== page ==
Pant Like Henry the Hound Dog

Katy Bugg

Rationale: Children should recognize the phonemes that are represented by letters in spoken words. One part of this process is recognizing individual phonemes. In this lesson, Children will be learn to identify the phoneme /h/, by engaging in using chanting a tongue twister, determining if /h/ is in a spoken word, representing /h/ on paper, and playing a fun detective game to practice finding /h/.

Materials: "Henry the Hound" on chart paper, marker, primary paper, pencils, paper bags, items that begin with /h/ placed around the room- hat, heart, house, hog, etc.

Procedure:
1. Introduce the lesson by telling students that they will be phoneme detectives. Phoneme detectives look for clues to help them figure out the mouth movements that letters represent. Our phoneme mystery for today will be /h/. Henry our trusty hound dog will be helping us will our mystery.
2. When Henry is tired from a long day of looking for clues he breathes like this (stick tongue out and pant like a dog /h/ /h/ /h/). /h/ is a clue for our phoneme mystery. I want everyone to practice panting like Henry. This is a clue that we be looking for in our words.
3. Lets try this tongue twister on our chart.
- Teacher: “Henry the hound dog has hundreds of hairy friends.”
- Lets all say it together: “Henry the hound dog has hundreds of hairy friends.”
- Now lets stretch out the /h/ at the beginning of the words: “Hhhhhenry the hhhhhhhound dog has hhhhhhundreds of hhhhhhairy friends.”
- This time break the /h/ away from the rest of the word: “/h/ enry the
      /h/ ound dog has /h/ undreds of /h/ airy friends.”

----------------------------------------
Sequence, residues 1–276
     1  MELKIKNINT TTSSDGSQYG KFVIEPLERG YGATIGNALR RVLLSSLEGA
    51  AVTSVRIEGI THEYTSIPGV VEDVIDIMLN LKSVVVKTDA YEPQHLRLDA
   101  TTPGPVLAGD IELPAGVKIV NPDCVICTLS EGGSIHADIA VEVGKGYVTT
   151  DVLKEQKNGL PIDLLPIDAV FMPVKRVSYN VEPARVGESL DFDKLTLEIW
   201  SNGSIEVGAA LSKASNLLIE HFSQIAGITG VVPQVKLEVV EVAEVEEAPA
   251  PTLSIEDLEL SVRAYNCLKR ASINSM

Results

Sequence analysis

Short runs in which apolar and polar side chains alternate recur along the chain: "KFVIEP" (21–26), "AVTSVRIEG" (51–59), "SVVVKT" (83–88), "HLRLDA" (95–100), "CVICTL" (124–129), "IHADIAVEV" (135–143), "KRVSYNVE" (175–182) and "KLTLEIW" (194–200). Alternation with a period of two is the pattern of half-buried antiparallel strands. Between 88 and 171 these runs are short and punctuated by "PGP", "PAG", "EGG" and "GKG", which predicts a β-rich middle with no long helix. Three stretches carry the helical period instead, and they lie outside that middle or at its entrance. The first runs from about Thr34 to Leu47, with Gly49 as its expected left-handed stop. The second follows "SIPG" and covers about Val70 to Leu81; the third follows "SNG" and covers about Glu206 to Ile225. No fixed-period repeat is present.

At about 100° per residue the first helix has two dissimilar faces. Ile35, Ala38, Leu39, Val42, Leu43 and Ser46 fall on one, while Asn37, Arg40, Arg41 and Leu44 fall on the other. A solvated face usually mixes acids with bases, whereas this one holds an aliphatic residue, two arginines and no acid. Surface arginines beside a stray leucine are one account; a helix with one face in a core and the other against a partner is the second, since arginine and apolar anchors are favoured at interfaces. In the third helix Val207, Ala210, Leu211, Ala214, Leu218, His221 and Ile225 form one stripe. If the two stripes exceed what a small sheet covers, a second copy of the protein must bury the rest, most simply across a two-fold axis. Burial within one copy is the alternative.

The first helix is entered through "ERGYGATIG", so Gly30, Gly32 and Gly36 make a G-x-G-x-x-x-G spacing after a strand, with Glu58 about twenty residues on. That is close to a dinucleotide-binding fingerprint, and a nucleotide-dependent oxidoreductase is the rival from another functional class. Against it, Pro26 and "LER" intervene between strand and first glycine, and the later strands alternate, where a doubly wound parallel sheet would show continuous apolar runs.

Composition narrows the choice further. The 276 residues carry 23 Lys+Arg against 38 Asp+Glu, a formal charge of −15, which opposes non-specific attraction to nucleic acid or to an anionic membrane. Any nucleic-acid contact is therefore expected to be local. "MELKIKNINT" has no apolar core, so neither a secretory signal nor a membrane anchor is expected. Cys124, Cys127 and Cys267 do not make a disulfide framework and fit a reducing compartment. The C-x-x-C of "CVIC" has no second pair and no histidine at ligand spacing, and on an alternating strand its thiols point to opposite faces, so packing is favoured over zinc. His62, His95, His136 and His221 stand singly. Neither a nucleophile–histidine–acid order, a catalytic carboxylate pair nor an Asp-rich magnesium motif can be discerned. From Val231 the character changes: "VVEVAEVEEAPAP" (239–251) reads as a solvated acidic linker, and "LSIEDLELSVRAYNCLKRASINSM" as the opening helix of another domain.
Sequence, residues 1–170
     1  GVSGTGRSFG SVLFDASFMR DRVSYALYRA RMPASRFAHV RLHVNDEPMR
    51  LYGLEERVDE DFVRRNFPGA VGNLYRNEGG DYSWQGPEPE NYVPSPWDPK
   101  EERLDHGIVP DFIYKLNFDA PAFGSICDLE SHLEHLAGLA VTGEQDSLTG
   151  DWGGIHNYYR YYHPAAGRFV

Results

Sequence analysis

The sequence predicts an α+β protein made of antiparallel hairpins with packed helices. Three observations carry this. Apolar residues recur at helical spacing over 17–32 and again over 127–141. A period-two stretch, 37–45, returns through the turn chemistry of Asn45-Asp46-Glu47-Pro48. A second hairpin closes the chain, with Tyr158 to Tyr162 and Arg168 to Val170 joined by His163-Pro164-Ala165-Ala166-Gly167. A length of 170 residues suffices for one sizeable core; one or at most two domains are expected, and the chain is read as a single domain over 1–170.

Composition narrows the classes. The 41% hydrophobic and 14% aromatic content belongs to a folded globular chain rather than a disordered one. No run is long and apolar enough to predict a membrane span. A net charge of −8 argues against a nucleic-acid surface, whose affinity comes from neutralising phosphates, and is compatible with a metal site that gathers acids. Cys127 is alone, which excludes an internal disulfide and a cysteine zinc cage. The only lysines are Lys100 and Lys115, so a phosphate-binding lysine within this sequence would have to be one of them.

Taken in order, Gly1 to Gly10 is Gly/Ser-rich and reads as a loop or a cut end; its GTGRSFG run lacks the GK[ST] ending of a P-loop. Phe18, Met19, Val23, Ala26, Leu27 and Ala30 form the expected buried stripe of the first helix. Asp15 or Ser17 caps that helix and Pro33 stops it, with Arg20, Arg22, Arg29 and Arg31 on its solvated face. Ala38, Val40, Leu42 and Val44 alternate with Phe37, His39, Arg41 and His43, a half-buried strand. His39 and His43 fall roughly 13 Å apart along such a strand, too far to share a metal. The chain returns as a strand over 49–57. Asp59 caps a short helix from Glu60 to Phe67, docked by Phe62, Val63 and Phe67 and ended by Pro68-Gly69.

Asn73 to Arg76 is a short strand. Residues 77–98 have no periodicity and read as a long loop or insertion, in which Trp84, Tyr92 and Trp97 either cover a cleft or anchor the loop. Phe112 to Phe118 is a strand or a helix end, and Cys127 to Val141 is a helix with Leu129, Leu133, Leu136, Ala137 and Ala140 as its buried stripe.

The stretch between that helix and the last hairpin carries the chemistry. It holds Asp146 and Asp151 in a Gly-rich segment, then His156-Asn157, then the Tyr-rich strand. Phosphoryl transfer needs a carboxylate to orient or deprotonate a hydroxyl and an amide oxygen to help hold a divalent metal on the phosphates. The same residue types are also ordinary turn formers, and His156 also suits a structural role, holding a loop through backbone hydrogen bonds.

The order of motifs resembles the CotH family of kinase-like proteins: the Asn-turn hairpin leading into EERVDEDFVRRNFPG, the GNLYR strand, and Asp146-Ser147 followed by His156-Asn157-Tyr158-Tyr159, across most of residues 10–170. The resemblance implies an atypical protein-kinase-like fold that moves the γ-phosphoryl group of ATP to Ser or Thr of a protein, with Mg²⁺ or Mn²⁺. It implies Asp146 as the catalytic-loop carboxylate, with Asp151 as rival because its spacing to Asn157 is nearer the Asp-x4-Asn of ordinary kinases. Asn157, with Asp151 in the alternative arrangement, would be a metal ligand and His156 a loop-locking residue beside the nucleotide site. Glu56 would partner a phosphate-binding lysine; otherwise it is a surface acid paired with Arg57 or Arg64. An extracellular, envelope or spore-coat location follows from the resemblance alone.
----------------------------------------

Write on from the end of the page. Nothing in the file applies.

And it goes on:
4. Pass out primary paper and pencils. There is another clue we can use to find /h/ in words. We can use the letter h at the beginning of words to represent /h/. For h, we start at the rooftop, come down and hump over. Practice making your h on your paper. I will come around and check everyone’s work.
5. Now I am going to show you how to find /h/ in the word heart. First I need to stretch it out and say it slowly and listen for Henry panting. Hhheeaarrtt. Hhh.. I can hear Henry panting at the beginning of the word. Another clue to use is that /h/ is found at the beginning of words.
6. Ask students to listen and see if they hear Henry panting in… house or room? cap or hat? help or aid? hand or fist? tap or hit?
7. Group students into groups of 3 or 4. Give a bag to each group. Tell them that they are going to practice their detective work. Ask them to look around the room and find and item that begins with /h/. When they get back to their desk each individual student should write a sentence using invented spelling about the item that their group found.
8. For assessment, look at each student’s work. Check their item and look to see if they wrote it down using the letter h at the beginning of the item word.

Reference: Yopp, H. K., & Yopp, R. H. (2000). Supporting phonemic awareness development in the classroom. The Reading Teacher. 54, 130,135-143.

      


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